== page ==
- Morale: The panic-effect on other battalions is smaller for smaller battalions
- Morale: You need to kill the same percentage of units in the same amount of time for all sizes of formations to cause panic-mode (assuming no other effects on morale).
- Morale: Smaller battalions panic more easily because fewer units need to be killed and they are also more vulnerable to other negative effects on morale because their total morale is lower.
Unit types and formations
We need a decision how we restrict the type of units that can form a formation together.
Allowing ranged and melee mix
Mixing ranged and melee units in the same formation is not allowed. An important aspect of the system is the challenge of protecting the ranged units against attacks from melee units and cavalry in particular.
Forming and disbanding a formation
Forming a formation
A formation is formed by selecting a number of units and clicking the button of the desired formation. Buttons only become active when all requirements are met. For example, a formation requires a minimum number of units or it requires units of a specific type. Formation bonuses start applying as soon as 90% (exact value TBD) of the units have reached their designated location in the formation. If the new bonus would apply instantly after ordering a different formation, players could switch to different bonuses instantly while in battle. This would be unrealistic and a problem for the visualization of the bonus. Why would you get a different bonus when none of your units actually move?
Disbanding a formation
Disbanding is instant.
Assuming a formation has a defense malus on the rear, you can instantly get around this malus by disbanding. The downside is that forming the formation again might not be possible if your units can't get into position for the formation anymore. The other obvious downside is that you also loose all bonuses.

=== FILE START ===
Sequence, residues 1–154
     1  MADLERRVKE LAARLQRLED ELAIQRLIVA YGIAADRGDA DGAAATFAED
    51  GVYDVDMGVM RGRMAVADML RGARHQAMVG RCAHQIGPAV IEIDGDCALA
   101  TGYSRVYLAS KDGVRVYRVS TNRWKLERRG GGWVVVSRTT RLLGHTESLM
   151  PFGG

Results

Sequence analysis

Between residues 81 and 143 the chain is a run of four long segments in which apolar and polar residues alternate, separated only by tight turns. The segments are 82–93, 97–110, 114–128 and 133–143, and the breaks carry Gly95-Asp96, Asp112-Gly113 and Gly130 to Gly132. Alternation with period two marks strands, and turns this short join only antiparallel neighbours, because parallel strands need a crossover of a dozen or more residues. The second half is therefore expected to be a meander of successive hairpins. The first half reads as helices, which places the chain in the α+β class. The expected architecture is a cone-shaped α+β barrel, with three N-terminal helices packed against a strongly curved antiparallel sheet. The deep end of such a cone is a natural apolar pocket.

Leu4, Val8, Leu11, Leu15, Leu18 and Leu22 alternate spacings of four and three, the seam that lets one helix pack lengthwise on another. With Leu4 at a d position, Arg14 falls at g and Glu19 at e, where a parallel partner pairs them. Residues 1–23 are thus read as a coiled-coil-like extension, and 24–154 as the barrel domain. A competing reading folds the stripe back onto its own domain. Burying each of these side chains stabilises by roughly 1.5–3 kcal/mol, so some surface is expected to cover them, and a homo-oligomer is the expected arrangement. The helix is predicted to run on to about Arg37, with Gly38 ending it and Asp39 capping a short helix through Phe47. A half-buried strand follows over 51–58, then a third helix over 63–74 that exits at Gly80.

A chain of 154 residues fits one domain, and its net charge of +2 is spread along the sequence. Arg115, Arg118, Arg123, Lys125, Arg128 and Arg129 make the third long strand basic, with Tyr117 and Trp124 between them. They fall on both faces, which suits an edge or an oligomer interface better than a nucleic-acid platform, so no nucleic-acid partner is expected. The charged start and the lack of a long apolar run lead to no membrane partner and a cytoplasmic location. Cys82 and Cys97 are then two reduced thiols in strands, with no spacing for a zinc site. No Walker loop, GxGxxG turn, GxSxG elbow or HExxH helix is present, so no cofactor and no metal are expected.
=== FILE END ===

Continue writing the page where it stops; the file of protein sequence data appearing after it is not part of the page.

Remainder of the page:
Formations can be disbanded if their morale is above 50% (exact value TBD). This prevents players from quickly disbanding a formation before it gets into panic mode.
Forced fallback to default formation
Different formations have different minimum requirements for the number of units. This is meant to be a higher value than the minimum battalion size because it should encourage players to make larger battalions without having to increase the lower limit for forced formation disbanding. As units in the formation die, this minimum requirement suddenly isn't met anymore. In this case, the formation falls back to a default formation. How this happens exactly is a bit tricky because it should be visualized well to the player and shouldn't look strange or unrealistic.
- Revert animations to default (Example: units don't hold up their shields anymore in the testudo)
- Without a move order, units stay where they are (they don't try to switch to default formation layout)
- When moved, units are positioned according to default formation layout
- Bonuses are instantly switched to default formation bonuses
- The banner visualization is changed to the default formation visualization. This needs some clever artwork and GUI design. What we want to visualize here is "forced fallback to default formation".
Battalions have a minimum requirement for the number of units. As units in the battalion die, this minimum requirement suddenly isn't met anymore. This causes the battalion and therefore also the formation to get disbanded. Units can be selected individually again and they loose all formation bonuses.
- This means battalions close to the minimum size will usually disband before getting into panic mode. Because there are other ways to reduce morale than killing units, it's still possible that a battalion with minimum size gets into panic mode. It might also work to tune the system so that minimum-size battalions always go into panic mode when a unit dies.
Fighting in formation
Default behaviour (melee)
- Units stay in formation until they are very close to an enemy.
- When the first unit in the formation starts fighting, the other units attack too.
- The first row of the formation moves forward until they are close enough to attack.
- Units try to keep their flanks protected, meaning that the first row will stay connected during attack, but it will not stay a straight line unless the two fighting formations attack perfectly frontal.
- Rows after the first one follow the units in front of them
- When a unit in the first row dies, units from behind catch up